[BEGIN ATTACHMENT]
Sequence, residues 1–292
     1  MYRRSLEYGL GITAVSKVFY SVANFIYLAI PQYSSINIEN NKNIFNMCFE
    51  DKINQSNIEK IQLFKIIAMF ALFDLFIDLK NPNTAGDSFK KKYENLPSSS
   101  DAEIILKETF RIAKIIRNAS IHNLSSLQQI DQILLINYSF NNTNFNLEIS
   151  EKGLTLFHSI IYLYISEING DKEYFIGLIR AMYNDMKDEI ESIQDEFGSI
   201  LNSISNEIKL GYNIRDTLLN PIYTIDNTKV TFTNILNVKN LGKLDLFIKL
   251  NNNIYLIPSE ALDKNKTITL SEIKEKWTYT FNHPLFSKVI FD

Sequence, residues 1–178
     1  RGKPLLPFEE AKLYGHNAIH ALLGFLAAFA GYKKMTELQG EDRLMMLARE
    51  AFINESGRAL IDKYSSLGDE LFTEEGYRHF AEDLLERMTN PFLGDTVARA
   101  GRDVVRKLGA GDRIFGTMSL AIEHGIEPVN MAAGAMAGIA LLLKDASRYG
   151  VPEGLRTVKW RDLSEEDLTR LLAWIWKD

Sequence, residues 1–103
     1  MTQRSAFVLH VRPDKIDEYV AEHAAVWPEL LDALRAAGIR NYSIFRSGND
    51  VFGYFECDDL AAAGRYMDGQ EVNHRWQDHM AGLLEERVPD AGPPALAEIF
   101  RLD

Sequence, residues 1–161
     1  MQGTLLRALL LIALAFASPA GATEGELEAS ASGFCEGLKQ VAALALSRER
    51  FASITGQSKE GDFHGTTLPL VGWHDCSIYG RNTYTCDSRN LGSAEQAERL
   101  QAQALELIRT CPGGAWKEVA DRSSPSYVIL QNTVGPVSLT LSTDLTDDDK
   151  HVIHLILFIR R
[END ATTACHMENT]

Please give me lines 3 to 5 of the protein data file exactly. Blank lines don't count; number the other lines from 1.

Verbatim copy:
    51  DKINQSNIEK IQLFKIIAMF ALFDLFIDLK NPNTAGDSFK KKYENLPSSS
   101  DAEIILKETF RIAKIIRNAS IHNLSSLQQI DQILLINYSF NNTNFNLEIS
   151  EKGLTLFHSI IYLYISEING DKEYFIGLIR AMYNDMKDEI ESIQDEFGSI